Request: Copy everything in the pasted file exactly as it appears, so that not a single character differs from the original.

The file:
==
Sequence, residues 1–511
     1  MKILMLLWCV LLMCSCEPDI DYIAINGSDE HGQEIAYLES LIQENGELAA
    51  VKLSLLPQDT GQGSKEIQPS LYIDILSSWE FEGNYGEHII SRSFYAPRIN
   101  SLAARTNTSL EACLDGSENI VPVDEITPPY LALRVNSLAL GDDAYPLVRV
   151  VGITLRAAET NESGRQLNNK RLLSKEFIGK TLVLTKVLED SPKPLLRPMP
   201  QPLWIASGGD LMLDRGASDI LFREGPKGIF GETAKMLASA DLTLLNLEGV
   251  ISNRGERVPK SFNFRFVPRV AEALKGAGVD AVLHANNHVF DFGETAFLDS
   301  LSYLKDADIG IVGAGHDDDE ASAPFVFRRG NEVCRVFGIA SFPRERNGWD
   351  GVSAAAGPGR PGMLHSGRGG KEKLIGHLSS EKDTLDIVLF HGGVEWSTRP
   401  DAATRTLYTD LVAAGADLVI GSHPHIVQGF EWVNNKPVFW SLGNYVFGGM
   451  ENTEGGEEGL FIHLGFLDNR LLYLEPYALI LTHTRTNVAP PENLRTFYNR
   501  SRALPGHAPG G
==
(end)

Sequence, residues 1–511
     1  MKILMLLWCV LLMCSCEPDI DYIAINGSDE HGQEIAYLES LIQENGELAA
    51  VKLSLLPQDT GQGSKEIQPS LYIDILSSWE FEGNYGEHII SRSFYAPRIN
   101  SLAARTNTSL EACLDGSENI VPVDEITPPY LALRVNSLAL GDDAYPLVRV
   151  VGITLRAAET NESGRQLNNK RLLSKEFIGK TLVLTKVLED SPKPLLRPMP
   201  QPLWIASGGD LMLDRGASDI LFREGPKGIF GETAKMLASA DLTLLNLEGV
   251  ISNRGERVPK SFNFRFVPRV AEALKGAGVD AVLHANNHVF DFGETAFLDS
   301  LSYLKDADIG IVGAGHDDDE ASAPFVFRRG NEVCRVFGIA SFPRERNGWD
   351  GVSAAAGPGR PGMLHSGRGG KEKLIGHLSS EKDTLDIVLF HGGVEWSTRP
   401  DAATRTLYTD LVAAGADLVI GSHPHIVQGF EWVNNKPVFW SLGNYVFGGM
   451  ENTEGGEEGL FIHLGFLDNR LLYLEPYALI LTHTRTNVAP PENLRTFYNR
   501  SRALPGHAPG G